THE INVISIBLE MAN ELIZABETH MOSS UNIVERSAL

The Invisible Man - Classic of HG Wells in a completely new unexpected outfit

Elizabeth Moss in her full actress glory

Since the publication of The Invisible Man novel by H.G. Wells' in 1897, it has intrigued readers first, followed by the development of cinema, he interested and the film lovers. 1930 A series of films based on this literary classic begins to be filmed. Universal Pictures has already launched 2006, a reboot project for this franchise. The lead role would belong to Johny Deep. But it wasn't until 2019 that the movie came to the realization. The movie opened in the USA, February 28, 2020. It is the fifth movie at cinema box office success in 2020, so far. Obviously, the audience was interested in a mix of horror and claustrophobic drama, shot in the vision of Leigh Whannell's Insidious - Chapter 3.

 

After Adrian commits suicide, Cecilie is relived, believing that her torment has finally come to an end...

 

Adrian Griffin- starring Oliver Jackson-Cohen- is a great scientist, but he is also the last man any woman would want to live with. He is a control freak that bullies his wife Cecilia- starring Elizabeth Moss- for years. After years of living with the violent ultra-rich man in the 'golden cage', Cecilia manages to escape. In her recovery, she is helped by her sister Emily Cass - starring Harriet Dyer and a friend, Officer James Lanier who are sure that long-term abuse has left a strong mark on her poor psyche. After Adrian commits suicide, everyone including Cecilie is relived, at least for a while. 

 

Cecile starts to feel the presence of something sinister in her new home. Because She has lived through terrible torment from the hand of Adrian, she can recognise her ex-torturer all around her. As psychological torment of invisible entity is getting stronger, and everyone around Cecilia thinks she is losing her mind, she has to find a way to counteract the invisible evil alone...

 

About 25% of women in the US are abused by their partners!

 

Family abuse is the main topic of this movie. Invisible torture is not a special novelty. What happens behind the four walls is sometimes known only by the torturer and the victim. According to some studies, as many as 25% of women in the United States have experienced some form of physical or psychological abuse by their partners. Violence knows no social boundaries. Sometimes respected members of the community, are the beasts within the safety of the four walls.

 

The story of a scientist who is the world's leading 'optics expert' is not ultimately what is particularly valid in this film. The story is minimalist and focused on a sense of claustrophobia and discomfort. Too many things in this movie we viewers have to take for granted. But that's why the film has the brilliant Elizabeth Moss in the lead. Moss is 95% of the movie.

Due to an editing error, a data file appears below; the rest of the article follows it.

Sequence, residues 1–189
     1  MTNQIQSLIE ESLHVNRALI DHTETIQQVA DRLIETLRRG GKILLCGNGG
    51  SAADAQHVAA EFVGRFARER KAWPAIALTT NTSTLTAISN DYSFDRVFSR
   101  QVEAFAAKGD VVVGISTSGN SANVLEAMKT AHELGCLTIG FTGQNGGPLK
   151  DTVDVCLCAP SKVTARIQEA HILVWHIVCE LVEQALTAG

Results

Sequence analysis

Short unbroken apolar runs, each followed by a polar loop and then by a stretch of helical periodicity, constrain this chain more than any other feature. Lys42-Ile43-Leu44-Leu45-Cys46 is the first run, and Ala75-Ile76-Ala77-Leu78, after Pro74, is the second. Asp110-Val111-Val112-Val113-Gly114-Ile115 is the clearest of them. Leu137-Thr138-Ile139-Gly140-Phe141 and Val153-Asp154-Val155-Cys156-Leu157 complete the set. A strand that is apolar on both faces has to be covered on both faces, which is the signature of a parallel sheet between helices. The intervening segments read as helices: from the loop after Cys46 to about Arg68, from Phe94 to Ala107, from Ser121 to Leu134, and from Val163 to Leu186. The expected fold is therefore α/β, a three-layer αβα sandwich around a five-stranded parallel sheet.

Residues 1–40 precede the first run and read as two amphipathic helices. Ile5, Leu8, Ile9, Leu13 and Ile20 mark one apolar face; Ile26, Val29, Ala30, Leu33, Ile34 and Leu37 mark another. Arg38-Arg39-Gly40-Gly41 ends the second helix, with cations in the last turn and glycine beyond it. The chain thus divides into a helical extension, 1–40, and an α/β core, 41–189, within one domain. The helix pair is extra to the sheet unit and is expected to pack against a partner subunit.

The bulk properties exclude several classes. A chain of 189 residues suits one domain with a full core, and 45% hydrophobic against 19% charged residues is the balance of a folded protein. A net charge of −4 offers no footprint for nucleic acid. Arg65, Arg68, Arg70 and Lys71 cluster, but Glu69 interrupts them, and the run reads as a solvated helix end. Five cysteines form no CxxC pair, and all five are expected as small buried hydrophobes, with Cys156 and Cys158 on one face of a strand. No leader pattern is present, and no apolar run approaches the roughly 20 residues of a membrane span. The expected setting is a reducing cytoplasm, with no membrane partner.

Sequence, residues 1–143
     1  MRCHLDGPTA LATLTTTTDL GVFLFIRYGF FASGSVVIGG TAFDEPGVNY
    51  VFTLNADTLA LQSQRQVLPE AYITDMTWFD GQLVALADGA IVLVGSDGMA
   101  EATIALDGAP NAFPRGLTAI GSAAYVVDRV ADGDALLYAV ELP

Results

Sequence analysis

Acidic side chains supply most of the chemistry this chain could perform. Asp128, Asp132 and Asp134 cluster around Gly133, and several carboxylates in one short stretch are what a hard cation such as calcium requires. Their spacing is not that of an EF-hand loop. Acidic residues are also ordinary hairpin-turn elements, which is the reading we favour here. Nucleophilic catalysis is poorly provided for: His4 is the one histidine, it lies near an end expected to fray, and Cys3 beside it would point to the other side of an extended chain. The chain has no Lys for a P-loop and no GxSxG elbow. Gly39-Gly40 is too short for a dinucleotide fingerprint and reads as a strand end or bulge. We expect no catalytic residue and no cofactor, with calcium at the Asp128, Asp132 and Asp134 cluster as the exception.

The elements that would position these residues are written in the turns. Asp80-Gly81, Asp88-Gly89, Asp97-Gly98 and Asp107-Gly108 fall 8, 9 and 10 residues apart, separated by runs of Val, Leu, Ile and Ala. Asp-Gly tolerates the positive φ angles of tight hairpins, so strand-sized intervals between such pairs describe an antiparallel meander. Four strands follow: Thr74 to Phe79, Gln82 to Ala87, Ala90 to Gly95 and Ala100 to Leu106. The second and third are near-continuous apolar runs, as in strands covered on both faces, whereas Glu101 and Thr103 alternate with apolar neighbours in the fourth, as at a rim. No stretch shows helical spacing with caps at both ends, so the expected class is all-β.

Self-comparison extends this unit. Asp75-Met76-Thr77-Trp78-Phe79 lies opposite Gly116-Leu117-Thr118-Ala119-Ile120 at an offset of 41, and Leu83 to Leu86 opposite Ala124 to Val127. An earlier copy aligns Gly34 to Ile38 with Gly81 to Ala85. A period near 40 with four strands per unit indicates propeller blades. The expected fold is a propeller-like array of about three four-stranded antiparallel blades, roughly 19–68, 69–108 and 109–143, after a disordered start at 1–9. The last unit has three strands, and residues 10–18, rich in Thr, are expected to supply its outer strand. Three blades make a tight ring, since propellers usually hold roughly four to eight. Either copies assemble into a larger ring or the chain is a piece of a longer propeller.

Her range of emotions is almost incredible. It is not easy to convince us, who are watching the empty room and Cecillia writhe over in the agony of fear, that fear is justified. Moss is equally good at reliving emotions like fear, despair, and utter hopelessness. As well as a mad determination to fight until the last drop of blood. I believe that Elizabeth Moss would be able to convey emotions equally in the theatre if someone was to placed the play The Invisible Man as a theatre piece. She's that good.

 

The highest value of the movie is a brilliant Elizabeth Moss!

 

Cinematographer Stephan Duscio - Upgrade, Jungle, Judy & Punch - did his job very well. His framing successfully builds tension, especially with close-up framing Elizabeth Moss's face.

 

The production company behind this movie is Bloomhouse Production. They specialize in horror films. Get Out, Insidious, Sinister, Halloween are just some of their trademarks which tells you that the movie was conceived as high-tech horror. Good lead actress, the good production company, as well as cinematography... so what went wrong?

 

Director Leigh Whannell co-wrote the script with James Wan (a writer celebrated with the original script for Saw from 2004) Here they failed to fully put to paper a coherent explanation for what we see on screen...

 

The movie made up to $ 123 million before the coronavirus escalation. Obviously, the plans for the reboot were not too ambitious. There is already the spin-off Invisible Woman being considered by Universal, which is based on an original pitch by Elizabeth Banks who is set to direct and star in it. It will be an adaptation of the 1940 film of the same name. Let's just hope that this whole Universal monsters universe will get better as it goes.

© Credits: IMDB

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